Providing an end-of-year client gift to a few customers that stood out and showing them …
One somewhat new feature of Google Analytics that I really like is the ability to annotate a timeline with a note. If I spot a traffic spike while looking over the reports, I can usually deduce a good reason for it — perhaps it was a popular blog post, or maybe an advertisement just hit the streets to steer folks to the site. Being able to write a quick note to remind myself later why it happened is huge when measuring the impact of your internet marketing campaigns.
Think about how this could benefit your own analysis of your website traffic. If you run a storefront, populating the extra data (such as when an e-mail or print campaign launched) can be really eye-opening when digging through the tons of data that Google Analytics lets you dive into. Being able to cross-reference traffic surges with offline events can be really handy when sharing the data with the rest of your team.
If you use Google Analytics, you can find this feature by clicking on any date in a report timeline. There will be a read-out of how many visits occurred on that day, with a link to “Create Annotation”. Click that link, and a form appears beneath the timeline to store the date and a comment. You can star certain annotations if you want to filter your results later.
There are a few drawbacks to Google’s feature, though. The first one is that it only pinpoints a specific point in time. If I ran an advertisement over a period of a few weeks, I could really only have an annotation at the beginning and one at the end to designate the campaign. Our friends across town at Raven Tools took care of one within their toolset by just creating “Events” that can span over a period of time to report on a particular campaign, completely agnostic of Google’s annotations. Still, I can’t help but want this feature in Google’s platform itself.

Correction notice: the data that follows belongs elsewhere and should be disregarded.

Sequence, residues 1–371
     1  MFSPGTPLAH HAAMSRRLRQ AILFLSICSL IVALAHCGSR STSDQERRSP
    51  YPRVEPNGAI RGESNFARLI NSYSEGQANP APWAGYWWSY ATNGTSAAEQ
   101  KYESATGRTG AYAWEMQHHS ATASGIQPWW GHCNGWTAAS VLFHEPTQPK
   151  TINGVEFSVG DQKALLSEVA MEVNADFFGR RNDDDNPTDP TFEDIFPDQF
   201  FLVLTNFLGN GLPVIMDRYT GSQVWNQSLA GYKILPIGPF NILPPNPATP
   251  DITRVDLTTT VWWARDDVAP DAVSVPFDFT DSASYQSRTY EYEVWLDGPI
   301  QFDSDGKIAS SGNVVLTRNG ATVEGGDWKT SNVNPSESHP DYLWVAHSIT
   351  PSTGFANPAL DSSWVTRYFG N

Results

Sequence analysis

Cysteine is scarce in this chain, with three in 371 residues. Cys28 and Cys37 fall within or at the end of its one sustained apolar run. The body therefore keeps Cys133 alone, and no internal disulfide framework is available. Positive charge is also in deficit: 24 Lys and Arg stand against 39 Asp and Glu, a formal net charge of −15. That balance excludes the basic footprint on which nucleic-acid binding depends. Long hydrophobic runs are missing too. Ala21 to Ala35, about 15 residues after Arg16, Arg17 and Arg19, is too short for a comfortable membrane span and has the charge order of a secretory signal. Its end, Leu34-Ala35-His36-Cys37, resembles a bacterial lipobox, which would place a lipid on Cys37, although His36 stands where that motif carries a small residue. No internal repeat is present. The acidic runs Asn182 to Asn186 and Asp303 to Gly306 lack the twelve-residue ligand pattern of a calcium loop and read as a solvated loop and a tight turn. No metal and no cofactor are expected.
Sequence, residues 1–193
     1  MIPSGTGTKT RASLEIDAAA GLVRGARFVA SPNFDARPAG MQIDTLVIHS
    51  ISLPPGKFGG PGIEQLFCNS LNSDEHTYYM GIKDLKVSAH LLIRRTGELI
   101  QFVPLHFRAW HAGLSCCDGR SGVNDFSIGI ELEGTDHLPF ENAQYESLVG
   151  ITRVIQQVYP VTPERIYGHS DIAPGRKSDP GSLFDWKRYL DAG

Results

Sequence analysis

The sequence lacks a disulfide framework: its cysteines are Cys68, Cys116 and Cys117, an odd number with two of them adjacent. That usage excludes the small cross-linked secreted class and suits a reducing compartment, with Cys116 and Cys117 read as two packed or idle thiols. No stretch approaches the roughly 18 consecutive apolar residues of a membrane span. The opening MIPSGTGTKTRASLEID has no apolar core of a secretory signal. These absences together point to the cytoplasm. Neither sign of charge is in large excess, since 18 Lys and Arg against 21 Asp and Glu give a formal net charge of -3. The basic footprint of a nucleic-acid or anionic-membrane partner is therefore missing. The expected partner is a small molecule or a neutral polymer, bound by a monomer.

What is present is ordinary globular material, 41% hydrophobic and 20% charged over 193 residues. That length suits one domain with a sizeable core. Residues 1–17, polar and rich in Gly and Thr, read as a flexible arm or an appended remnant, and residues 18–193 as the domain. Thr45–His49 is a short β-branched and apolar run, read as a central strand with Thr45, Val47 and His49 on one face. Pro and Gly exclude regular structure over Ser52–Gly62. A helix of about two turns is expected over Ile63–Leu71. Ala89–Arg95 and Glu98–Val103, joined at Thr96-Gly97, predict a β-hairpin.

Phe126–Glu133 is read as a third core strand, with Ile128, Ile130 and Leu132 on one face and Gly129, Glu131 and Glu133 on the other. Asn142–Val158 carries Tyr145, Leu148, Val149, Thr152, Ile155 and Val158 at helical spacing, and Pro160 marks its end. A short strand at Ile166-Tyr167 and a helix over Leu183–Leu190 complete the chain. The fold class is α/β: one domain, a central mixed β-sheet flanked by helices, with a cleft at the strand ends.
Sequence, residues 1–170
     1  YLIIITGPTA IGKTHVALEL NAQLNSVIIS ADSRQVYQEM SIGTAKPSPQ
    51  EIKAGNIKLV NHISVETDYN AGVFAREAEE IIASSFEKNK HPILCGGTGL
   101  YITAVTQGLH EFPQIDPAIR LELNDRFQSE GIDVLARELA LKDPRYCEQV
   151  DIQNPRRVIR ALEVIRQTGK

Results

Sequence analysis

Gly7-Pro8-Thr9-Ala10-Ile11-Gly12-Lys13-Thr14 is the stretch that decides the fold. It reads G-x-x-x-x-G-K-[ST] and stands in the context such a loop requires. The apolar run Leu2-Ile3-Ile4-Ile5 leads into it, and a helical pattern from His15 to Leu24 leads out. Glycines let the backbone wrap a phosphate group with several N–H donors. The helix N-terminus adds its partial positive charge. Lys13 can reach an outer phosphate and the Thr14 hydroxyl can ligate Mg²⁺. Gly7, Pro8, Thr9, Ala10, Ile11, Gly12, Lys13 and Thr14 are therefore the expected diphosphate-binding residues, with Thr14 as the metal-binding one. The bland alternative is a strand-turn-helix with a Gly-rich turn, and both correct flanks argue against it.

The second drawback that I have not found any remedy for is the “manual” nature of keeping up with these things. Take for example my blog scenario: I know that traffic spikes when a blog is posted. Why on earth would I need to go into Google Analytics every time a blog is posted and create a new annotation? No clue, but if I want it to be in there, I’d best start entering that data. I cannot even import a CSV file! My feature request there would be set an RSS feed that would auto-import the time stamp and whatever data is stored with the feed. You would still have to add annotations for some things (like your CEO being interviewed on the evening news), but it would dramatically cut down on some of the more straightforward factors on website traffic.
Despite these two “missing features,” I still recommend using annotations in your reporting. Being able to quickly recall why you had that 300% traffic spike a few months from now will come in handy when planning how you’re going to get the next big surge.